Opinion: Carbon Tax Limits Trucking’s Green Choices

By Paul R. Landry
British Columbia Trucking Association

This Opinion piece appears in the March 24 print edition of Transport Topics. Click here to subscribe today.

The trucking industry is part of a grand environmental experiment being conducted in British Columbia — the first North American jurisdiction to introduce a carbon tax on all fossil fuels, including diesel, at the retail level. Last year, our provincial government set a greenhouse-gas emission reduction target of 33% by 2020.

With the carbon tax in this year’s budget, they’ve made a stab towards achieving that goal by promoting voluntary reduction in fuel usage. The irony is that this carbon tax actually reduces the choices of British Columbia’s trucking industry by charging us for behavior we can’t avoid — driving trucks — without offering much to help us quit producing smog and greenhouse gas emissions.

The carbon tax will be implemented July 1 at 2.76 Canadian cents per liter and rise to 8.2 Canadian cents per liter by 2012. By then, the tax will cost the trucking industry at least C$270 million per year.

That’s on top of up to 25 Canadian cents per liter that federal, provincial and local authorities already collect in much of British Columbia. [There are approximately 3.8 liters in a gallon.]

This hit makes the diesel tax in British Columbia three times more expensive than in neighboring Alberta and twice as high as any other province in Canada.

The provincial government is touting this new tax as “revenue neutral,” meaning that funds generated will be returned to individuals and businesses in reduced personal, small business and corporate taxes.

In other words, burning fossil fuels will be “punished,” while working and investing will be rewarded. A nifty idea, but sifting through British Columbia’s 2008-09 budget reveals that the trucking industry isn’t getting much for our share of the carbon tax.

Yes, some of the carbon tax collected shows up in the form of reductions in other tax rates. And there will be a sales tax exemption for aerodynamic fittings for trucks and trailers. But the trucking industry will still be a big net tax payer.

While the logic of trying to tax “bad” behavior is understandable, its effect on the trucking industry is counter-productive in a number of ways.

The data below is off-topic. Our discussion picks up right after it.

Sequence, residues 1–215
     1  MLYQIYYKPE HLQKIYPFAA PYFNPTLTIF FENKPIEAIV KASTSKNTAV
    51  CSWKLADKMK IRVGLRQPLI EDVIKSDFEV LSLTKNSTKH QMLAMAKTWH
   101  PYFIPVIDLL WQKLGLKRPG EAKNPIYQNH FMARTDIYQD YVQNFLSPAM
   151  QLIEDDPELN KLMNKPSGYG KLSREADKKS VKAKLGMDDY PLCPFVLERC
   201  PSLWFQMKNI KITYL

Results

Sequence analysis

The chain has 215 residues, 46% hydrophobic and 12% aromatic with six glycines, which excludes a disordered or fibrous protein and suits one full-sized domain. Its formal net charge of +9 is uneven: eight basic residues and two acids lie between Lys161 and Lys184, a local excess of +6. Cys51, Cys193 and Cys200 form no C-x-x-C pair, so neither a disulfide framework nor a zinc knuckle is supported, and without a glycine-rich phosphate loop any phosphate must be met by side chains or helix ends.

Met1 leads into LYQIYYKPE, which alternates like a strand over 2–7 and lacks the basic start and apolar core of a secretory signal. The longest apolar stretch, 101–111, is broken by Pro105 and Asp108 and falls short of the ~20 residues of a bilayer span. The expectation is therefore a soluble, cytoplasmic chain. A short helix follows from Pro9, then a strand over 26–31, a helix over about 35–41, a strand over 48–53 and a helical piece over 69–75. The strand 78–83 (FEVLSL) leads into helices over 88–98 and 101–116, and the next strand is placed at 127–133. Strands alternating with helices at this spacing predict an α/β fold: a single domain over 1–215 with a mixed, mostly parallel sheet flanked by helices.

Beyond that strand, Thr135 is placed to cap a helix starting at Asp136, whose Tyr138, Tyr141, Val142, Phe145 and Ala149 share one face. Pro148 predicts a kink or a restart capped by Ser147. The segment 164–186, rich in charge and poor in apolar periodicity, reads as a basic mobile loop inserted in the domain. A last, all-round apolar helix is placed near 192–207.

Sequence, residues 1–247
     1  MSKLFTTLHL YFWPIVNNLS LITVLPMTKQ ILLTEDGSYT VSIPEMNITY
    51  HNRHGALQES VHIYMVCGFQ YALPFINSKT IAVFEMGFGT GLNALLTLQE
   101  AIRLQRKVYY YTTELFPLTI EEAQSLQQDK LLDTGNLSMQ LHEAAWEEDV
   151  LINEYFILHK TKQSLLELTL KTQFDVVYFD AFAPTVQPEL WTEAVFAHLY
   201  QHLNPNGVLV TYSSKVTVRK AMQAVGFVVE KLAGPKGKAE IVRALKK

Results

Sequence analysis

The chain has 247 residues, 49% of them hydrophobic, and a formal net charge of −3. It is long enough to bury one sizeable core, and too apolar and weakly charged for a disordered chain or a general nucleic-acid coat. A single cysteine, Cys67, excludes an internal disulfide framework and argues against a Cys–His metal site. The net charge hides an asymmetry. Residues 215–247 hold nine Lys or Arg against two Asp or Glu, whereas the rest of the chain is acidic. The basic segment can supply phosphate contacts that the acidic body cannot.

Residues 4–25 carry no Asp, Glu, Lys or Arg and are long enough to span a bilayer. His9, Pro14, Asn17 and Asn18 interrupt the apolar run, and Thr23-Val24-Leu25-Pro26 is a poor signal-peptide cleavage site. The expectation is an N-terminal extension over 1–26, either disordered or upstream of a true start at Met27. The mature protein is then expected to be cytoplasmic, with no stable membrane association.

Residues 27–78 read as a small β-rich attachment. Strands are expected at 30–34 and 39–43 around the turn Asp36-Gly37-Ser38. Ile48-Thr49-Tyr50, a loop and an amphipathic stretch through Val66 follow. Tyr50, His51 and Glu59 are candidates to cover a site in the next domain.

First, trucking companies rely on diesel fuel to provide their services. Unlike many other carbon emitters, they don’t have an alternative mode of transportation. When was the last time you saw your local grocery store receiving deliveries by bus?

Adding insult to injury, the tax on diesel is also 15% higher than the tax on gasoline. The trucking industry, which has no choice but to use roads, will be taxed more than light-vehicle drivers, many of whom — especially in urban areas — could use public transit and car pooling.

Second, the trucking industry doesn’t need a tax to know that it should be fuel-efficient. Common and business sense told us that a long time ago, particularly because fuel is our second-highest expense after labor. For most trucking companies, that means 15% to 30% of operating costs.

For individuals who own and operate their own trucks, it could be up to 50%. If they’re already trying to reduce fuel consumption, how does it help to charge them for the fuel they can’t avoid using?

Third, the provincial government is in danger of losing an important opportunity to encourage the kind of behavior the tax is intended to produce. What the provincial government should have done — and still could do — is to use some of that tax revenue to help the industry adopt new technologies that will further reduce smog emissions, improve fuel efficiency and cut greenhouse gases.

BCTA has encouraged the government to sponsor a provincial EnviroTruck program that would provide grants, rebates or sales tax exemptions for new trucks that meet the U.S. Environmental Protection Agency’s 2007 engine standard. EnviroTruck also would include grants, tax exemptions and guaranteed low-cost — or no-cost — loans to purchase alternative power units, low-rolling-resistance tires and aerodynamic devices.

Ideally, part of the program would be a major industry-oriented communications initiative to provide a “one-stop-shopping” source of validated and credible information about energy-saving technologies and practices that would allow our industry to make smart decisions and avoid “snake oil” solutions.

The U.S. EPA’s SmartWay program, with its focus on actively setting environmental goals for fleets and measuring performance, is worth emulating in British Columbia. Education and support are particularly important because about 85% of the trucking companies here are “Ma and Pa” operations with fewer than five trucks. Money is tight, competition is stiff and they work hard just to stay in business. Keeping up with new technologies is tough. They’re not sure how they can or should be upgrading their trucks and can’t afford to make mistakes.

The British Columbia carbon tax is all stick, no carrot. Overtaxing our industry simply will increase the cost of doing business in the province without providing choices that really will let us cut smog and greenhouse gases and go “green.”

The British Columbia Trucking Association represents about 800 truck and bus fleets and 250 suppliers. BCTA’s headquarters are in Langley, British Columbia, Canada.